The Ruling for Contemporary Times


The Aruch Hashulchan (YD 248: 11, 13) limits the ruling of the Noda B’Yehuda to the time when Bais Din had the ability to compel someone to give their fair share of Tzedaka. However, in contemporary times, when Bais Din lacks the wherewithal to do so, a woman is permitted to be the one to force her husband to give, by doing so without his knowledge. However, he emphasizes that this is only permitted based on the directive of the local Rav, who can determine that according to this person’s wealth we would force him to donate a given amount.   

In this Issue:

Feature Article:  

Couples & Contributions 


Anecdotes of the Ethics: Short Story; A Letter From America 

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The Shevet Halevi (Vol.5 132:7) disagrees with this ruling. He references the Halacha (YD 148:1)that even when Bais Din forces a person to give Tzedaka, they may only take his property in his presence, with his knowledge. Surely a woman, even if she is acting on the directive of the Rav, has no more authority than a Bais Din.   


If the Woman is the Breadwinner


The above discussion is in the case that the husband earns the household money, and the wife wishes to donate some of it to Tzedaka. Another issue discussed by the Poskim is when the woman isthe primary breadwinner. Does she then have the right to give whatever money she chooses to Tzedaka?  


The Halacha is that a man is obligated to support his wife financially. In exchange for this support, Chazal decreed that whatever money the woman earns belongs to her husband (However, a woman has the option to waive her right to be supported by her husband, in which case she retains whatever she earns). The question is if the husband does not actually support her, does he nonetheless acquire his wife’s earnings?


This question is addressed by the Maharit (Vol. 2 CM 67). He distinguishes between whether the woman supports her husband from the outset of the marriage, and where the husband initially supports his wife, and only later she becomes the breadwinner. In the former case, the wife definitely retains the money she earns. In the latter case, there is a debate among the Acharonim as to the Maharit’s intention. Some explain that he is unsure who the money belongs to, while others understand him to mean that it belongs to the husband (see Pischei Choshen vol. 9 Ch 10, note 21).


The Chazon Ish (EH 70:6) rules that even if the husband supported his wife only at the very beginning of the marriage, he still retains ownership of all her subsequent income. Since he was providing for her when she earned her first paycheck, he acquired that paycheck. When he uses that money to continue supporting her, he has provided her from money that belongs to him. That entitles him to acquire the next paycheck. This cycle repeats itself, causing the husband to perpetually acquire his wife’s income.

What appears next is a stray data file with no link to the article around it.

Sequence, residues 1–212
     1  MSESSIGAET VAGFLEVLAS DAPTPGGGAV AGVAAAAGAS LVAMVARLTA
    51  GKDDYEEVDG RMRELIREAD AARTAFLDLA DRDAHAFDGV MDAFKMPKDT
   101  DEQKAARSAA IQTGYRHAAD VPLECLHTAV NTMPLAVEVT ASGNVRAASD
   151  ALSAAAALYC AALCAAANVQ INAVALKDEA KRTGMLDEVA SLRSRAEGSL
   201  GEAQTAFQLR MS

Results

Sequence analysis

It is noteworthy that there is some debate among the Acharonim in the event that the woman’s parents support the couple. The Shu”t Giva’as Shaul (Siman 33) considers any parental support as discharging the husband’s obligation, enabling him to acquire his wife’s earnings.  


However, the Maharsham (vol. 4, 92) disagrees. He says that support given to the couple by the wife’s parents is intended solely to be for the wife’s benefit, and does not constitute support by the husband. However, money received by the couple as wedding gifts definitely belongs to the husband.


Another consideration is that even if the money does belong to her, there is further disagreement among the Acharonim whether she may keep it outright, or whether it must be invested in a manner that enables the husband to benefit from the profits that accrue (see Igros Moshe EH Vol 1:106 per Gilyon Rabbi Akiva Eiger EH 80:1; cf Bais Meir ad loc who questions this premise). According to this opinion she would not be permitted to donate the money without her husband’s consent.  


In summary, if the wife is the primary breadwinner, there is debate as to the status of the household money, and according to some it depends on exactly what happened at the outset of the marriage.